By Wilma Bedford
Seeing that the major part of our lives revolve around our jobs and the workplace, it is vital that employees should find satisfaction in their jobs.
The traditional remuneration practices and the occupational ladder are disappearing, and this leaves a vacuum in which the employee is wondering how he can still practice a meaningful occupation rather than leading a boring life that moves from one payslip to the next. Employees need new reasons for believing in their companies, feeling safe and staying motivated.
Employees who believe that their work is meaningful are inclined to work harder and to accept unpopular projects and challenges, and they cooperate better. Employees want to feel that they are part of something more than just the end salary.
There are a few things employers can do to add some meaning and value to employees’ work.
- Lessen anonymity. Employees seldom know where the product they are manufacturing is going to end up. In a recent experiment by Ryan Beull of the Harvard Business School it was found that chefs in cafeterias where there usually is no contact between the chef and the client they worked less effectively than when they could see via video who the clients were and what they ordered.
Tell employees who their clients are and encourage employees to make personal contact with the client even if it is via a follow-up call or visit. Employees must find out which clients benefit most through their work.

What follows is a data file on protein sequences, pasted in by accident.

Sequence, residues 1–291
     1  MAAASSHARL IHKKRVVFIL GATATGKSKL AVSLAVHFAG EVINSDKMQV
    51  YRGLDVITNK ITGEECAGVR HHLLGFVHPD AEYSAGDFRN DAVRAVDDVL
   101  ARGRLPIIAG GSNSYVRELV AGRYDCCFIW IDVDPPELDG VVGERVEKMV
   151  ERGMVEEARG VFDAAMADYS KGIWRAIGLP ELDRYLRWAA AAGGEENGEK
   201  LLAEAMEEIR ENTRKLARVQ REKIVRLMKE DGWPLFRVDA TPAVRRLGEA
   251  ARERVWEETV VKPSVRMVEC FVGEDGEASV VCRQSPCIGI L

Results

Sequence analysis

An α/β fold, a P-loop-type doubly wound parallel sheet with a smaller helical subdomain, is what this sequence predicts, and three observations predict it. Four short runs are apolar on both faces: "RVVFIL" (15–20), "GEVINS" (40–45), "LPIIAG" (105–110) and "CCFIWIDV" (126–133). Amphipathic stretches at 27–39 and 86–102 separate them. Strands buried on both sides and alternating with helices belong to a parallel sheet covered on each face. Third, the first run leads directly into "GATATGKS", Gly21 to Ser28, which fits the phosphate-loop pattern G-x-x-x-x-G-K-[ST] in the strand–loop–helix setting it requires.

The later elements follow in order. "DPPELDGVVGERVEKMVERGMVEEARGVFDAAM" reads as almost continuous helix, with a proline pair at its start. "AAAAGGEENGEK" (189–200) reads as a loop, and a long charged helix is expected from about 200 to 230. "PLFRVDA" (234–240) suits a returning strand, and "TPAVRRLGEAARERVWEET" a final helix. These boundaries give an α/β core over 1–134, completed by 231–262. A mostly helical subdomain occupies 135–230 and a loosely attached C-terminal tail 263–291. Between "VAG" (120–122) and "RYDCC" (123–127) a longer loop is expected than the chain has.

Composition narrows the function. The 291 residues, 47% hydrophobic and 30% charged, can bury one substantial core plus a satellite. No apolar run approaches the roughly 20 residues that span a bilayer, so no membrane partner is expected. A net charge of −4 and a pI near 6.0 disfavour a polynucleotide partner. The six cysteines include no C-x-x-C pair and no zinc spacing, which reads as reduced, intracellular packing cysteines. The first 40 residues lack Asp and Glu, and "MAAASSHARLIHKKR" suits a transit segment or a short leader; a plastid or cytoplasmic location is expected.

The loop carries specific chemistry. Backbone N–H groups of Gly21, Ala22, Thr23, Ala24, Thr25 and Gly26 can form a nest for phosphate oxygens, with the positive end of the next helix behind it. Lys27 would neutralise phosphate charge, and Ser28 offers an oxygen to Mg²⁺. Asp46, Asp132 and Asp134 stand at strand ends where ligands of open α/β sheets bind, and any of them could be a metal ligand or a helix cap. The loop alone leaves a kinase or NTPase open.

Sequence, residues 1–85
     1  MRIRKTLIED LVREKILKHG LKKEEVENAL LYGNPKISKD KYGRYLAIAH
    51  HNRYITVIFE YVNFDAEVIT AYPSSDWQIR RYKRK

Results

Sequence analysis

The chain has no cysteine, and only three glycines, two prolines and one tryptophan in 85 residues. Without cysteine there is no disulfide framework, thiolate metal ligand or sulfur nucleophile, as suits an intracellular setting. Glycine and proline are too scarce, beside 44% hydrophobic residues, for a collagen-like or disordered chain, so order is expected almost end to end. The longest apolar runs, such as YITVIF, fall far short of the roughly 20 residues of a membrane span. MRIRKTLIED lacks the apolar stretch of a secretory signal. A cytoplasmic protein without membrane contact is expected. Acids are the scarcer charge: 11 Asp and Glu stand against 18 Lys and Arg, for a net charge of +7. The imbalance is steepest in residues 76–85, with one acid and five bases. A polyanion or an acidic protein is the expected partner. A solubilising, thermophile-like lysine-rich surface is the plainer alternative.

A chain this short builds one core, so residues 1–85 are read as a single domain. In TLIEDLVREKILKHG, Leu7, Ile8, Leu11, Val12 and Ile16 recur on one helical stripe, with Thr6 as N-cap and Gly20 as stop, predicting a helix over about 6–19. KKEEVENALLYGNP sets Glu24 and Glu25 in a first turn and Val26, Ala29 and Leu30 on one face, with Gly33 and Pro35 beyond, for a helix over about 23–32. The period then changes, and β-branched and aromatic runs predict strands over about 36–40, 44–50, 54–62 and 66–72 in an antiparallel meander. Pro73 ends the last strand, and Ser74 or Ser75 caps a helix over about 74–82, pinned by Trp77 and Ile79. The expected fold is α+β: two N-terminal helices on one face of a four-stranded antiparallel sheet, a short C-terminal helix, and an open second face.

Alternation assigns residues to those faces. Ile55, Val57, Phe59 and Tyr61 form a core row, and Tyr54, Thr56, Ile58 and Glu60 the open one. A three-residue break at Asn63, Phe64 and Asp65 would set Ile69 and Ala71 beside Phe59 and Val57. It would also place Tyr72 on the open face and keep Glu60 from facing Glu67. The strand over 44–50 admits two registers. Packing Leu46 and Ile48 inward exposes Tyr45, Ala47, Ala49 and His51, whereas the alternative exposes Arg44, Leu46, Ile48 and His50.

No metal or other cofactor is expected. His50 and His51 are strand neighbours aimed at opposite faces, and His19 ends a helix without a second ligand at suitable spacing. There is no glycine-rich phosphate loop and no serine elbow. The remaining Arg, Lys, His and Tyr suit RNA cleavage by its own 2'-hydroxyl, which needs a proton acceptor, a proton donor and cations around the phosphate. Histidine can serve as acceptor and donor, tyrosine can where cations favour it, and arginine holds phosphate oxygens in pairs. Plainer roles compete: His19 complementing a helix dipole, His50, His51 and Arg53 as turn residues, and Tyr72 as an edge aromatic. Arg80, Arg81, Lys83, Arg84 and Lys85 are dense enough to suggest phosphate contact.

- Help employees to ascertain what effect and importance their work has for the community or another industry. For instance, make the computer technician understand that the prompt repair of a computer for a client has a domino effect. The new computer program for a chicken industry, for instance, ensures consistent egg supply to old-age homes.
- Acknowledge good work but describe the improvement or effect it has on the end result. For example, the introduction of an improved ordering and dispatching program improves the turnover of companies. Give credit privately and in a group. For instance, compensate a worker by helping him to work on a new project.
- Couple the work to a bigger objective by asking questions about objectives. Why do you have to order new car parts today? So that Mr X can repair his truck. Why does his vehicle have to be repaired before tomorrow? So that he can get his fresh produce to the market; so that his produce does not go off; so that he can deliver an order of vegetables to a children’s home and supermarket. Such insights into the importance of an employee’s job create a personal involvement and a feeling of worth. My job is meaningful.
- Also create opportunities for employees to learn, to experiment. Employees may appear to be uninterested and uninvolved, but they are not necessarily unmotivated. Man has a natural intellectual need to discover and learn but companies and employers seldom offer such stimulating opportunities.
Cable, Dan. 2018 Alive at Work: The Neuroscience of Helping People Love What They Do.
Harvard Business Review Press
Making Work Meaningful: A Leaders Guide
Cable, D. Vermeulen, F.
Mc Kinsey& Company Organization